Just because you are new to real estate doesn’t mean you have no value to provide. Here’s a few ways you can do it.


Related: The Newbie Challenge: 30 Steps to Get Started in Real Estate in 30 Days

6. Be Yourself

If there is one sure-fire way for people to NOT take you seriously, it’s if you act like you already have all of the answers.

The real estate investment community is one of the most supportive and friendly groups in the world. This is primarily due to the fact that it’s a relationship built business, and everyone realizes that their next deal could come from anywhere… even from someone who is brand new.

So don’t claim to have done deals all over the world when you haven’t. Don’t claim to have organized $1 billion in real estate transactions when you haven’t.

Just be yourself! You’re probably pretty good at it.

[We are republishing this article to help out our newer members.]

What have YOU done to grow your credibility as a newbie investor?

Leave a comment, and let’s talk.

About Author

Tyler Flagg

Tyler is a pilot by day and aspiring entrepreneur by night. He started investing in April of 2014 and acquired three properties in the first 8 months. His goal is to become financially independent through real estate in order to free up time for travel and starting businesses.


  1. sandy salazar

    Great read! Thanks Tyler. I especially love the part regarding professional email. By all means you can keep your [email protected] for your personal emails, but like you said create a separate business email for your real estate ventures. I always laugh when I read tenants application and they have a funky email address that they made up back in high school and complain why they can’t get a good paying job.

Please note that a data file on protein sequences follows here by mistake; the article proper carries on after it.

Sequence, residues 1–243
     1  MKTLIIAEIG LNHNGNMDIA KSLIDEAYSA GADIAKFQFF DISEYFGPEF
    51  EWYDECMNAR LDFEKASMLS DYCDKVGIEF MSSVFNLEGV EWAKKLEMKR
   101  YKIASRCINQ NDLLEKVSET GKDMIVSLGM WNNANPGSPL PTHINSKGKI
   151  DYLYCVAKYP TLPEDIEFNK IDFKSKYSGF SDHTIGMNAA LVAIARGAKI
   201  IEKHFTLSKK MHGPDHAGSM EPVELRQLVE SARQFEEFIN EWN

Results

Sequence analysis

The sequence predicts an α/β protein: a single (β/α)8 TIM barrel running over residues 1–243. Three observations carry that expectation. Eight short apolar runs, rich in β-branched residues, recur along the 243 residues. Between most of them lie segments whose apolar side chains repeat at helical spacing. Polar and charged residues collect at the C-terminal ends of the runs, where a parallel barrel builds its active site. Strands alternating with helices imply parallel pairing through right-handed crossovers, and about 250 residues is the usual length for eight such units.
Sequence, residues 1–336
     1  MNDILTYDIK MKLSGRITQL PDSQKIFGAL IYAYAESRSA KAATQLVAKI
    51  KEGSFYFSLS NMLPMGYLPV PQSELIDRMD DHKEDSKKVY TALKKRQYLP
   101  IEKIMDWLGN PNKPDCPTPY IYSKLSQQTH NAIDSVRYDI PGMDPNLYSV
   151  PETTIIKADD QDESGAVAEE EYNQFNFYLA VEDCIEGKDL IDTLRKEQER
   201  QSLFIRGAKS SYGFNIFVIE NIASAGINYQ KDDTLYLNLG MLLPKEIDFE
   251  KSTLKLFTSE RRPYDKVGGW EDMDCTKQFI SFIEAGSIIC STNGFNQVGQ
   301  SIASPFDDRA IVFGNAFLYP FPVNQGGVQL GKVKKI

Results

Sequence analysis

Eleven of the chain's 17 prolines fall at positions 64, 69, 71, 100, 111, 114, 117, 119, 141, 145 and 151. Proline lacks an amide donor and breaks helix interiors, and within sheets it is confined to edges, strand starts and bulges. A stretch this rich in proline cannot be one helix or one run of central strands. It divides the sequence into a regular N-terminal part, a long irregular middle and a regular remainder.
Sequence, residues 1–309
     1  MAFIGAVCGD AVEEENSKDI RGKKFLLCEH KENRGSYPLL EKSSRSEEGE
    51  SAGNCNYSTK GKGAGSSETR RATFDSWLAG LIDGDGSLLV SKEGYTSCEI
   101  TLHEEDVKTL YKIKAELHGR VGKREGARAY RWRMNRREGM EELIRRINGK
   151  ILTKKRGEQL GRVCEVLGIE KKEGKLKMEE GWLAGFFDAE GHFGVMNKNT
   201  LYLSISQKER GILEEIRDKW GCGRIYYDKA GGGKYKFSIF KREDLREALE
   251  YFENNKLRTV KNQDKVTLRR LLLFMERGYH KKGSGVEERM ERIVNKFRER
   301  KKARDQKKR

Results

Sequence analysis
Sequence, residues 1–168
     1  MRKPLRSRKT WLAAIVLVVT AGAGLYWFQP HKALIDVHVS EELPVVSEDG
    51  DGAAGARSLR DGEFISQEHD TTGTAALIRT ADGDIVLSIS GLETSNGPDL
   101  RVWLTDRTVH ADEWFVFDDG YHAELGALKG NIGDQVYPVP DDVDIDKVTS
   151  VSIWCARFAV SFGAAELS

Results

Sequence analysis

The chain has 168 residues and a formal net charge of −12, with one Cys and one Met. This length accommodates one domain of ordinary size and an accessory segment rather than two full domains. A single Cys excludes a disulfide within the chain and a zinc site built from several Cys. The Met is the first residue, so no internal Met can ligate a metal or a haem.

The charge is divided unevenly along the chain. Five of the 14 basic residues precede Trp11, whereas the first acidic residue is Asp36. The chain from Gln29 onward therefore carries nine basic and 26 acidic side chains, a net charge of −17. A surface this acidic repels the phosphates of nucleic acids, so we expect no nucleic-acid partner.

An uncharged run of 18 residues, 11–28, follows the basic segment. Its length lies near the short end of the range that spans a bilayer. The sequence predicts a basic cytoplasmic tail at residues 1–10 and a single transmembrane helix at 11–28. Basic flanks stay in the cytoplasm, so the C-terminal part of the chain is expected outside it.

2. Anthony Gayden

    You missed the most obvious answer. Do deals.

    Before I did my first deal, no one really thought I was being serious. I’m sure that there are a thousand people out there who have looked at property or talked about buying property and never bought a single thing. When you close that first deal, everyone takes you more seriously.

  3. Lee Gloyd

    Thanks for this information. I’m starting out as a wholesaler, and wasn’t quite sure on the best attire to wear when dealing with sellers. I’ve read that it’s best not to be too over dressed yet not too under dressed either, but more so business casual when dealing with a wholesale transaction. I was also told by a local wholsaler that it’s best to look like an “average Joe”, rather than a business person as it would intimidate the seller. What are your thoughts as far as attire for wholesalers?

  4. Aleksandar P.

    Tyler, thanks for the post. Very good points.
    I am surprised that you didn’t put one of the most easiest and most effective way how to be taken seriously if you don’t have RE experience – learn RE Vocabulary! It doesn’t cost a dime (except your time) but it makes such a difference. Thanks!

  5. Colin Reid